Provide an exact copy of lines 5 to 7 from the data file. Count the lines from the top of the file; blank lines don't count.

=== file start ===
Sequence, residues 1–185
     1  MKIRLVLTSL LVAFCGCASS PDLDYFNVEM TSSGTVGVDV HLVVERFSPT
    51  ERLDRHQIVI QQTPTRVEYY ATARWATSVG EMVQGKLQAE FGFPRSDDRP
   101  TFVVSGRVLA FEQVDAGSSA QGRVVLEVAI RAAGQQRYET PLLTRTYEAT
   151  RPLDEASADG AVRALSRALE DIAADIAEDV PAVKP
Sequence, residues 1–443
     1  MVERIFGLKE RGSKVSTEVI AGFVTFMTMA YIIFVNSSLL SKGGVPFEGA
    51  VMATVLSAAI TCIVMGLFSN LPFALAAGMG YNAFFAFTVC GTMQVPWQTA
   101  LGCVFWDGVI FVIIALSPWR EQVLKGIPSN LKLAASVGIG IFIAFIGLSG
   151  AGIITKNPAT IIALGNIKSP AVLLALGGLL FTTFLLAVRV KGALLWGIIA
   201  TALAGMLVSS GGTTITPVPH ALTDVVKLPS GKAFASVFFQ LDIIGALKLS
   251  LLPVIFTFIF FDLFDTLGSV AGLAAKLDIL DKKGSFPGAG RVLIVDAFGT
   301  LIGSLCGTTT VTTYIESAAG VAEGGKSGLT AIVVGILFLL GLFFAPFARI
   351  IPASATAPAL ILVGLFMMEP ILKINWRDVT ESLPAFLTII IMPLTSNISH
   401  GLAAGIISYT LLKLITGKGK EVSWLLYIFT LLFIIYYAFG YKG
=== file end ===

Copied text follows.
   151  RPLDEASADG AVRALSRALE DIAADIAEDV PAVKP
Sequence, residues 1–443
     1  MVERIFGLKE RGSKVSTEVI AGFVTFMTMA YIIFVNSSLL SKGGVPFEGA